Sahara

Dashing heroes, feisty heroines, slimy villains, wisecracking sidekicks, things that explode, Sahara travels a familiar action movie road map, a by-the-numbers adventure which filters every frame through a nostalgic prism. All that sparkle can’t hide the fact Sahara feels like yesterday’s news.


Mixing espionage and pseudo history, author Clive Cussler’s series of Dirk Pitt novels were perfect page turners for a long, lazy summer. Too bad Sahara has been turned into a long, lazy film, one which took four writers to come up with the obvious. Since Sahara’s publication in 1992, so much sand has flowed through the hourglass of time the movie comes off looking like an impersonator.

Sahara is a movie for people who complain they don’t make them like they used to, always forgetting older isn’t necessarily better. Indeed, Sahara feels like a David Lean film pumped up on adrenaline, lacking common sense and featuring combustible paper-thin performances which incinerate under the hot sun. I was wrong, Sahara is nothing like a David Lean film.

It= s not much fun either. Director Breck Eisner paints every scene with a broad stroke, giving the production a larger-than-life look but robbing the story of any intimacy. Pitt, played by Matthew McConaughey, and the rest of the actors are nothing more than action figures in the hands of a director hell-bent on getting his money’s worth. If bigger were better, Sahara would be a masterpiece.

Pitt was created as an amalgamation of types, part James Bond, part Indiana Jones, part Jacques Cousteau, but as played by McConaughey, he’s more like a frat boy with a cool job. As a fan of the Cussler novels, I must admit McConaughey, with his baby blues and Clan of the Cave Bear wavy locks, isn’t believable as the seasoned adventurer. I like McConaughey, but he’s all wrong as Pitt. He’s too young. Remember, Pitt is the guy who raised the Titanic.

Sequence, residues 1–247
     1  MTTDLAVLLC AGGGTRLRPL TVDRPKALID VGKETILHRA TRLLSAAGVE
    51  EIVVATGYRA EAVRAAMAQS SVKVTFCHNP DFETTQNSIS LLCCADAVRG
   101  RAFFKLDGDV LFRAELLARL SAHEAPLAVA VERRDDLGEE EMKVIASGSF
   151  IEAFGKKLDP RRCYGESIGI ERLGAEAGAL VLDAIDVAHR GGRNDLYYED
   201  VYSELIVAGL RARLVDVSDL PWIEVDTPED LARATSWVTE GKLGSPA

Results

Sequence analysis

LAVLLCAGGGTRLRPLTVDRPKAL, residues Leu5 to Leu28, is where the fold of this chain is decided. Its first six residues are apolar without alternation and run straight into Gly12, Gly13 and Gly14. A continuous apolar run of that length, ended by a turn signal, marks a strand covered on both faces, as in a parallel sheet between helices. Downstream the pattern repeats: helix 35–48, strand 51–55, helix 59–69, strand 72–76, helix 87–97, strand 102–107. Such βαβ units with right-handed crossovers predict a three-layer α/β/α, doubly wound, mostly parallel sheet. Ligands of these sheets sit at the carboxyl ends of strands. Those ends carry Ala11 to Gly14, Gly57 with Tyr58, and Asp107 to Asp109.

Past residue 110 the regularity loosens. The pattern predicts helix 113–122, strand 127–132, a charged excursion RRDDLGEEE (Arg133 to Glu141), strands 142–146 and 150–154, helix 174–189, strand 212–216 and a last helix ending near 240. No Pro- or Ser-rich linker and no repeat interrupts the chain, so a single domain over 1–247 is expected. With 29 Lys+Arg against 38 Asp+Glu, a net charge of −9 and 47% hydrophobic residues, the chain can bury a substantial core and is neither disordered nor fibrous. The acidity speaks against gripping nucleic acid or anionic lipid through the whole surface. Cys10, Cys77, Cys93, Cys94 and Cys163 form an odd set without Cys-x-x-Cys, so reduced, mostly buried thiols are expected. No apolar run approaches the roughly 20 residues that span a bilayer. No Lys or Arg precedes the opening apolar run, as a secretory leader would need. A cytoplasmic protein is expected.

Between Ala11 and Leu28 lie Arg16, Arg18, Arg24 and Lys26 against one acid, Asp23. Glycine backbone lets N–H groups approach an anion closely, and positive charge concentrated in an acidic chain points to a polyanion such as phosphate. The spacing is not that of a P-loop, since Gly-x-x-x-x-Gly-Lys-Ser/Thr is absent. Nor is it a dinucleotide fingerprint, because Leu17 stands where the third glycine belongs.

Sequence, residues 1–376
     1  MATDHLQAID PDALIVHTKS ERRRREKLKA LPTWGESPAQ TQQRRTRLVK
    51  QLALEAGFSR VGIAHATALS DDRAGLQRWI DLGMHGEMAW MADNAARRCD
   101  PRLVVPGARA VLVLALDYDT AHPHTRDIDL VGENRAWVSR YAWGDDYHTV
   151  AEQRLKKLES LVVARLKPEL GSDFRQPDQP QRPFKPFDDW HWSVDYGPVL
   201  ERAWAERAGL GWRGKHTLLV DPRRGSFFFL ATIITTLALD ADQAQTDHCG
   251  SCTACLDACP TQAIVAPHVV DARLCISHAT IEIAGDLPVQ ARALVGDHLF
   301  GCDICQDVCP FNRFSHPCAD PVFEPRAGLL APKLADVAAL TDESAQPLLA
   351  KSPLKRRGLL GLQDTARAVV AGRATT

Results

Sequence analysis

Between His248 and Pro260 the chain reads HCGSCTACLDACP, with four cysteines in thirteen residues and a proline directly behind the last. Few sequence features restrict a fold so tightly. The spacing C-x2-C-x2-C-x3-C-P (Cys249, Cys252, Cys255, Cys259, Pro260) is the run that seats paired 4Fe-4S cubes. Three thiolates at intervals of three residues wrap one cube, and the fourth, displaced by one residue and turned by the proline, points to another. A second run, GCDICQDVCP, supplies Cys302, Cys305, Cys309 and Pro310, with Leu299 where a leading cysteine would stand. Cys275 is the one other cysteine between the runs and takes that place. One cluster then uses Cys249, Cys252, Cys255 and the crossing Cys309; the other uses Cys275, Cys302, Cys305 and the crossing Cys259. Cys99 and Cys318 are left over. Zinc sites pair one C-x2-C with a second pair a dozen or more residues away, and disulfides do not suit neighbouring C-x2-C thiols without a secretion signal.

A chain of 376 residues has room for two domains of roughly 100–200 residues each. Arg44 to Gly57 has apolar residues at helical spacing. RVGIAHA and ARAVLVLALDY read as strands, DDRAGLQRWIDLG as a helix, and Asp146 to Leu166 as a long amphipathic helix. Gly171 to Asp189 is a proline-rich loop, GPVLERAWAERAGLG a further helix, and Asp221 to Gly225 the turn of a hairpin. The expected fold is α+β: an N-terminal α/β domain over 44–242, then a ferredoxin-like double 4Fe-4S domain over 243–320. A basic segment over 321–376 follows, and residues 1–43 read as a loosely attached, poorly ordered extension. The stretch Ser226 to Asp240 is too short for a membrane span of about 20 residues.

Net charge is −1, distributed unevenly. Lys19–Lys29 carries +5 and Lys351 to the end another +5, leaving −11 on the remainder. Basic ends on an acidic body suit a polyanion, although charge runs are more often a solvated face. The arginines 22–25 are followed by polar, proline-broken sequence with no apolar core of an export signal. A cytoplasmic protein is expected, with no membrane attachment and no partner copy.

As the resident explorer of the National Underwater and Marine Agency, Pitt specializes in locating and retrieving lost ships. Pitt and former Navy SEAL sidekick Al Giordino (Steve Zahn, the go-to go for laughs) are in the middle of the Sahara tracking down a missing Civil War Ironclad. A Civil War-era coin leads the duo to hell on earth, where they encounter World Health Organization doctor Dr. Eva Rojas (Penelope Cruz), looking for the source of a deadly plague.

Talk about ships passing in the night, Pitt and Rojas cross paths several times, play a ping pong game of rescue, and then discover they= re both looking for the same thing. No, not a better movie, but a recycling plant in the middle of nowhere run by a shady French industrialist (Lambert Wilson). What the plant is doing in the middle of the Sahara I’ll leave to those of you brave enough to sit through the movie without fear of getting sand in your crack.

Top heavy with good intentions that fall flat on their face, Sahara, like Terry Malloy in On The Waterfront, coulda been a contender. Instead, it’s a noisy retrograde that doesn=t bode well for a continuing Dirk Pitt franchise. After the debacle of 1980’s Raise The Titanic, Cussler kept a tight grasp on the remaining Pitt books, afraid Hollywood would turn his hero into a has been.

Perhaps by holding on to the purse strings for so long Cussler has shortchanged the series. I remember reading Night Probe and Iceberg, thinking to myself, wow, these books would make great movies. But that was over twenty years ago, and the tattered edges of time are evident in Sahara. Time has not been kind to Dirk Pitt. If this wreck were on the side of the road I doubt it would affect the flow of traffic. Most people would take one look, wonder what all the fuss was about, then move along.

Desert Pitt Stop

Clive Cusslers Adventurer Ambles Along

SAHARA

Matthew McConaughey, Penelope Cruz, Steve Zahn, William H. Macy, Lambert Wilson. Directed by Breck Eisner. Rated PG-13. 124 Minutes.

LARSEN RATING: $4.00



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